Monday, January 30, 2017

The Snow Child

Kept coming across Eowyn Ivey's 'The Snow Child' (2011), and kept putting it off. It just doesn't sound like a genre I fancy. I was certain that it isn't going to be anything supernatural. Finally decided to take a shot at it. You know what? Yes, it's not a genre I take to, but I like this book and how the story panned out. Most of all, the author's respect for the land and love of the environment comes through so strongly. (Reviews here, here and here.)

Set in 1920s Alaska, life on the farms in the harsh landscape is as tough as they say. Living off the land is the only way of survival. In those years, the small town's barter economy isn't flourishing; coal mines are the alternative source of dangerous work, and the nearest medical doctor is in Anchorage which is a train ride away. Protagonists husband and wife Jack and Mabel have fled there in a bid to forget their stillborn child and state of childless-ness. They eke out a living on the farmstead and try to make it through their first three winters. They build a snow child, a girl, and stumble upon a seemingly real girl who appears only during winter and vanishes in summer. She has a name- Faina. The girl does disappearing-and-appearing act for eight years.

Then there're neighbors George and Esther Benson and their three sons become fast friends with Jack and Mabel. Incidents and stories ensued. Youngest son Garrett Benson helps out Jack and Mabel loads, lending a much-needed extra pair of hands to the heavy labor required to get the farm and planting going. Garrett comes to feature heavily in their lives. The author narrates each scene very well. Is there really a 'snow child'? Or is it just a girl versed in living off the harsh land and nature, but coming down to the humans in winter since they'd have more food than she could forage in that season? I'll leave that to your imagination.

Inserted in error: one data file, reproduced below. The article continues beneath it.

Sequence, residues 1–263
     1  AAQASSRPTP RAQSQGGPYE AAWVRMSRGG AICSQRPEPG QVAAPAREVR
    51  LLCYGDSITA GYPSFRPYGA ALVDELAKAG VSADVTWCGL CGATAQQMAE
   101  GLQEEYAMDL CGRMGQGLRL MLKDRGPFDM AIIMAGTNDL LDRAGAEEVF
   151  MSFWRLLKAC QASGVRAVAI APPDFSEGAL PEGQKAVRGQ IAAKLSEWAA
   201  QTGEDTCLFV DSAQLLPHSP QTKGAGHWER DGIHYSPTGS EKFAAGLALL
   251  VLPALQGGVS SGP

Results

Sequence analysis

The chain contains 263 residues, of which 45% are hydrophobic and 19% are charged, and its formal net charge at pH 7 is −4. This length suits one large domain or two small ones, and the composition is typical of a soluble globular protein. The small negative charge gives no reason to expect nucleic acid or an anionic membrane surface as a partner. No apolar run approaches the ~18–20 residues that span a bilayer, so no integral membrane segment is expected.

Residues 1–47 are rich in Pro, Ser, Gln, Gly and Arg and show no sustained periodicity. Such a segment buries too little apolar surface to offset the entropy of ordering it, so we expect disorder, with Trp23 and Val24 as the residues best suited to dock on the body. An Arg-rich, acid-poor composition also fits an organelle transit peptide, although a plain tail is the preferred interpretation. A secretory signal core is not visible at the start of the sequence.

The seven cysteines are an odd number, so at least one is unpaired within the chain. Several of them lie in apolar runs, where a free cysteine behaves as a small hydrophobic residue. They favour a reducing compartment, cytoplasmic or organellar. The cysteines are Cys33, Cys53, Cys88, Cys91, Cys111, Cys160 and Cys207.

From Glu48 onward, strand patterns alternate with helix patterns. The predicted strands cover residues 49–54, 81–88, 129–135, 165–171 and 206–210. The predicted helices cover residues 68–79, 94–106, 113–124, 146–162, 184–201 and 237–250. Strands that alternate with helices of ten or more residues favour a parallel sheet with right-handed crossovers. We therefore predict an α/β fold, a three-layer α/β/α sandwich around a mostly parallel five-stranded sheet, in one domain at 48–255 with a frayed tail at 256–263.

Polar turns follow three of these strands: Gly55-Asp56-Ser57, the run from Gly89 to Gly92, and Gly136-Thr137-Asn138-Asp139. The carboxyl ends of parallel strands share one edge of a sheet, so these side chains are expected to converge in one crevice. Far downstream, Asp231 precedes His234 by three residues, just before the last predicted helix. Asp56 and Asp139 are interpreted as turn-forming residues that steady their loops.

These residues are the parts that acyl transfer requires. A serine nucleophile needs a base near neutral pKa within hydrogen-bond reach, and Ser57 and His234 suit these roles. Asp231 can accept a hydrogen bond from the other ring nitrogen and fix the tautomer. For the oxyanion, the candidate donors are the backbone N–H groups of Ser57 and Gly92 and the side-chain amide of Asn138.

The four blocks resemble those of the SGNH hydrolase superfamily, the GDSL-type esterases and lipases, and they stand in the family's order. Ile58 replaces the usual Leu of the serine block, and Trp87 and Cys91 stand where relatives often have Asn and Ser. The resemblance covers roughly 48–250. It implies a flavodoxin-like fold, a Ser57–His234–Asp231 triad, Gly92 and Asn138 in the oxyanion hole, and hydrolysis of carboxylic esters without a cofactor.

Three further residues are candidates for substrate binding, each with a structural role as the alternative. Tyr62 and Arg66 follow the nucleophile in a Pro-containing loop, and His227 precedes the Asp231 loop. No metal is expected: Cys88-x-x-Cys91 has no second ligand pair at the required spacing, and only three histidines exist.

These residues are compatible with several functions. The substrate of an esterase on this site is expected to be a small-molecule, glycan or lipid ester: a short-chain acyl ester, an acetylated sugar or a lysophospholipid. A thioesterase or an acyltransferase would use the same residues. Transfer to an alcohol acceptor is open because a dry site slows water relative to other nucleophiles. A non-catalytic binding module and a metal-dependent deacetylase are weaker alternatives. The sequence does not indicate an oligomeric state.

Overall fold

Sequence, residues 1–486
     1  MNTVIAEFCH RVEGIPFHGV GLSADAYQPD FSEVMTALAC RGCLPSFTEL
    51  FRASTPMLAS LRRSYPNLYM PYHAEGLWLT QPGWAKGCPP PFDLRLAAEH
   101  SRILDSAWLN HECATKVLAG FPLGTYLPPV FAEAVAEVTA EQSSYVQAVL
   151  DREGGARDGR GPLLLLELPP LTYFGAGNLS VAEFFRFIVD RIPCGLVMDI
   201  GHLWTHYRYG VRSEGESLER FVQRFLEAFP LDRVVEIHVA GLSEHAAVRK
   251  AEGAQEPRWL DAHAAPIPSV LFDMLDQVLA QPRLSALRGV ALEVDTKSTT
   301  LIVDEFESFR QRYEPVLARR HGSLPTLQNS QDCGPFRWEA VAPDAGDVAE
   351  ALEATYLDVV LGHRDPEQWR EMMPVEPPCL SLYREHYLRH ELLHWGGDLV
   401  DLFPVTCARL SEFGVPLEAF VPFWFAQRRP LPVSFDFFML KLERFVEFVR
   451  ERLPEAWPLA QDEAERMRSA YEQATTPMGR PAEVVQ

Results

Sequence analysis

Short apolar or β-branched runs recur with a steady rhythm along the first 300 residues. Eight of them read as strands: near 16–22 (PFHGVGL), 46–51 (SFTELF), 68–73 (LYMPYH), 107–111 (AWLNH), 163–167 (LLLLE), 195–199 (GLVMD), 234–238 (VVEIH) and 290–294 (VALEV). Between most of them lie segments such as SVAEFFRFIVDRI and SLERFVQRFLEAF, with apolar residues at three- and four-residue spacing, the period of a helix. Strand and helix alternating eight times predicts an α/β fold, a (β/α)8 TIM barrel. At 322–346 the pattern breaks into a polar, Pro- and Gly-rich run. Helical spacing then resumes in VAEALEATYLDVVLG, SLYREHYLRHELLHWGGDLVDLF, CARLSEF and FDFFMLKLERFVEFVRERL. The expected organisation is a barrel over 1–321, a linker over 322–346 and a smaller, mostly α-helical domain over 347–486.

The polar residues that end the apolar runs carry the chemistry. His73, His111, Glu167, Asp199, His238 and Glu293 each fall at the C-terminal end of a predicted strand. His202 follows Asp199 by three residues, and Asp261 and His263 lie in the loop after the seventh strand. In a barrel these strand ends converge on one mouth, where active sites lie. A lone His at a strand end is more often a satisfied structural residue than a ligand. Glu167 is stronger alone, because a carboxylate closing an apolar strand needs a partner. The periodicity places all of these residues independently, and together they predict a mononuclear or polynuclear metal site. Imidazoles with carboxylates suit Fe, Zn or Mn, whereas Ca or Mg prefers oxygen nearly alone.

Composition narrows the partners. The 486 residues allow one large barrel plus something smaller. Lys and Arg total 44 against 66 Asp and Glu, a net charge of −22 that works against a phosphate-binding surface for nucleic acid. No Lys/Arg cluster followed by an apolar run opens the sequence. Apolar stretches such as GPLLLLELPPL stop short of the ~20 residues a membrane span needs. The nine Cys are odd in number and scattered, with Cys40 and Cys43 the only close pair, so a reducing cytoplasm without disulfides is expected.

Garrett stood near the barn with a lantern in his hand, and nearby the boy was leaping and throwing his arms up to the sky. Even from inside the log cabin, Jack could hear the boy's whoops and cheers. The dog bowed playfully beside the boy, barks, then jumped and ran in circles, too. 
As Jack's eyes grew accustomed to the darkness, he saw the ground covered in white and, in the light of Garrett's lantern, snowflakes spinning and falling. 
He took hold of Mabel's hand, and when she turned to him, he saw in her eyes the joy and sorrow of a lifetime. 
"It's snowing," she said.

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